The daily Estimated International Sunspot Number (EISN, red curve with shaded error) derived by a simplified method from real-time data from the worldwide SILSO network. It extends the official Sunspot Number from the full processing of the preceding month (green line). The plot shows the last 30 days (about one solar rotation). The horizontal blue line shows the current monthly average, while the green dots give the number of stations included in the calculation of the EISN for each day.

Review of geomagnetic activity

In the beginning of the week, the Earth was inside the slow solar wind and the geomagnetic conditions were very quiet with Kp (NOAA) and local K (Dourbes) indexes ranging between 1 and 3.

The geomagnetic conditions became active on August 29 (Kp and K-Dourbes = 4) due to a sector boundary crossing. This announced the soon arrival of a high speed streamer coming. from a coronal hole extending from the North pole to about 20 latitude South. The coronal hole reached the central meridian on August 28.

The high speed stream arrived at Earth on August 31. The solar wind speed increased up to 700 km/s and the geomagnetic conditions were active with a moderated storm (K-Dourbes=6, Kp-NOAA = 5) on August 31 around 10:00 UT. The geomagnetic conditions were then fluctuating between unsettled to active conditions until the high speed stream faded.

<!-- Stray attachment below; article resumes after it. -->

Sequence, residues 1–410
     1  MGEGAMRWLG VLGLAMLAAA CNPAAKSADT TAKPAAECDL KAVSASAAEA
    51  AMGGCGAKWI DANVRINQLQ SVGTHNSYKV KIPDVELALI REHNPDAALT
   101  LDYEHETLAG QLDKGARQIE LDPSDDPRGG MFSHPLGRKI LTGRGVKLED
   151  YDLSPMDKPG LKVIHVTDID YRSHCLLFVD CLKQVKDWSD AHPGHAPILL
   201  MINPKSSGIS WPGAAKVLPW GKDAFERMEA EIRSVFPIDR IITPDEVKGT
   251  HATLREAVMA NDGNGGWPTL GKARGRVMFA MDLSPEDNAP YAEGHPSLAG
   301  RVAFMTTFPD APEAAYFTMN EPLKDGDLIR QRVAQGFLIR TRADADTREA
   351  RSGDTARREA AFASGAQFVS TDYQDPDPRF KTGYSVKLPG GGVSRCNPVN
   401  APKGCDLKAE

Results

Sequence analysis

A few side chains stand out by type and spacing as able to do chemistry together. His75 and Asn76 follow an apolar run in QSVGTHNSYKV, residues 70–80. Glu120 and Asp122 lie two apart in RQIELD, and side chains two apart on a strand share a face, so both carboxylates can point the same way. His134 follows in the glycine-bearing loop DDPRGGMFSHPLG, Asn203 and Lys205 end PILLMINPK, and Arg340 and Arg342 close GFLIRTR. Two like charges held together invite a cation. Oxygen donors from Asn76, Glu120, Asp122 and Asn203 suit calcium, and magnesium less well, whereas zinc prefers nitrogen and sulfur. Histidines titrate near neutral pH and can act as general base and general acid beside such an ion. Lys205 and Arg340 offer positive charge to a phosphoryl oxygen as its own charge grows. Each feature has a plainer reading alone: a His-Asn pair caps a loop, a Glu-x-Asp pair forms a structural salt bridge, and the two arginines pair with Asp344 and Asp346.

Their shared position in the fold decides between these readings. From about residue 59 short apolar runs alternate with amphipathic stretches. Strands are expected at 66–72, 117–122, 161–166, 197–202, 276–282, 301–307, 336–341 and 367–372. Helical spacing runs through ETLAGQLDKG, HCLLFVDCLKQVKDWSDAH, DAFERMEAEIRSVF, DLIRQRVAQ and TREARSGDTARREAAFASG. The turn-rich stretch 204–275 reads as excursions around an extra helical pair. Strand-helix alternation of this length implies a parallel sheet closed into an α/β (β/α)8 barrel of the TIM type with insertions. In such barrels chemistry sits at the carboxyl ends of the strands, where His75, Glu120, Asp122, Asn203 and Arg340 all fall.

At the end of the week, on August 3, the solar wind decreased to 500 Km/s and the geomagnetic conditions gradually returned to nominal level.

Geomagnetic Observations at Dourbes (28 Aug 2017 - 3 Sep 2017)

The SIDC Space Weather Briefing

The Space Weather Briefing presented by the forecaster on duty from Aug 28 to Sep 3. It reflects in images and graphs what is written in the Solar and Geomagnetic Activity report.

Review of ionospheric activity (28 Aug 2017 - 3 Sep 2017)

The figure shows the time evolution of the Vertical Total Electron Content (VTEC) (in red) during the last week at three locations:
a) in the northern part of Europe(N61°, 5°E)
b) above Brussels(N50.5°, 4.5°E)
c) in the southern part of Europe(N36°, 5°E)
This figure also shows (in grey) the normal ionospheric behaviour expected based on the median VTEC from the 15 previous days.

The VTEC is expressed in TECu (with TECu=10^16 electrons per square meter) and is directly related to the signal propagation delay due to the ionosphere (in figure: delay on GPS L1 frequency).